While a large literature argues negative climate shocks can trigger conflicts, recent findings suggest moderate climatic conditions lead to war. This article proposes a conditional theory by incorporating political institution as a moderating variable. I argue that, under the impact of negative climate shocks, centralized societies can mobilize more resources for war, compared to decentralized societies. Thus, the former is more likely to resort to well-organized plundering to address the scarcity problem caused by detrimental climate shocks. Besides, centralized societies have little incentive to plunder when the climatic conditions are moderate, as they can collect taxes regularly through centralized institutions. A comparison between the more centralized Manchurian and the less centralized Mongols on their conflictual behavior serves as an empirical test. I find that temperature was negatively associated with the probability of Manchurian invasion after they embraced centralization but had a positive effect on the likelihood of Mongol invasion. Copyright © 2019 The Author(s).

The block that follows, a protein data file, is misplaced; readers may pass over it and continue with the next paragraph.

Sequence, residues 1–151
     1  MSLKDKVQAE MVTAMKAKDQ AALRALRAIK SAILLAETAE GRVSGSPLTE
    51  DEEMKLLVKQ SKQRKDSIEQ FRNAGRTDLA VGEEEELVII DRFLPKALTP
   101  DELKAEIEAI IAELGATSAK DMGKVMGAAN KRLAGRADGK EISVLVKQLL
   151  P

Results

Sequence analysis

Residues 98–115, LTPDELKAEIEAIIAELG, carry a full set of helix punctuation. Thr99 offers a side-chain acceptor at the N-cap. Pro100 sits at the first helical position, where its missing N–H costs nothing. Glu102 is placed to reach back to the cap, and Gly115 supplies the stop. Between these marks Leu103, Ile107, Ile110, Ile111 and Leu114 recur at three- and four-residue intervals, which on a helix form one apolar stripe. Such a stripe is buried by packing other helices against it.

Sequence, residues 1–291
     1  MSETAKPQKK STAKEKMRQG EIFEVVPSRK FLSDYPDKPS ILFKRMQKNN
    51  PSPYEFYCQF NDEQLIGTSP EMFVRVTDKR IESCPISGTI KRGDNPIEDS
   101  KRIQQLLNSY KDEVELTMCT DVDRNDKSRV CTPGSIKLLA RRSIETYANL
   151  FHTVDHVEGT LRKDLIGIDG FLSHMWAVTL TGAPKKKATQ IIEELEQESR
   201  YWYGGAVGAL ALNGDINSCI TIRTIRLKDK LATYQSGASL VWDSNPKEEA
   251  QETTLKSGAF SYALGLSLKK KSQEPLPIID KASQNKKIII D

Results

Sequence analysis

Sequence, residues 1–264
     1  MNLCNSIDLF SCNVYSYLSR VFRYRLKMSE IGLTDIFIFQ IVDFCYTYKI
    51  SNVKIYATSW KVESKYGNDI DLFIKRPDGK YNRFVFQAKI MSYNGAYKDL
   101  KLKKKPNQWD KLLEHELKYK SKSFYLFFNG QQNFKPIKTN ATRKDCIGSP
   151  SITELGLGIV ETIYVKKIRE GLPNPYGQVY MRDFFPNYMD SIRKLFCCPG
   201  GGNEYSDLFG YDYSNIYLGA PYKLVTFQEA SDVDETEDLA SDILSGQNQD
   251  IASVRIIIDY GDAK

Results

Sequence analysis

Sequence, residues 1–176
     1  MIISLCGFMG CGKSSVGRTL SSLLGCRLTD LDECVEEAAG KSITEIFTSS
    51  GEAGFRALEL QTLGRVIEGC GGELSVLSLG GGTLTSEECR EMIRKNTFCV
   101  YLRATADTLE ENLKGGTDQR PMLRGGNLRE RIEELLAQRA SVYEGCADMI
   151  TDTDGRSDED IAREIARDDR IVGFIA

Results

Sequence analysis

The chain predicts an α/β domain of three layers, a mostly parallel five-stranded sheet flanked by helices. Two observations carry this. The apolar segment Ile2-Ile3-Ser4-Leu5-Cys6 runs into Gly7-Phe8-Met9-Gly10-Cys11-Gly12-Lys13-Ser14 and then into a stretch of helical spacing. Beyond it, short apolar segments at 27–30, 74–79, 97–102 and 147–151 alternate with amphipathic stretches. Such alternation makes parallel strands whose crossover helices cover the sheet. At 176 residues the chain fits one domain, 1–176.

CitationYin, W. (2020). Climate shocks, political institutions, and nomadic invasions in early modern East Asia. Journal of Conflict Resolution, 64(6), 1043-1069. doi: 10.1177/0022002719889665
- Militarized disputes
- Natural disasters
- Political economy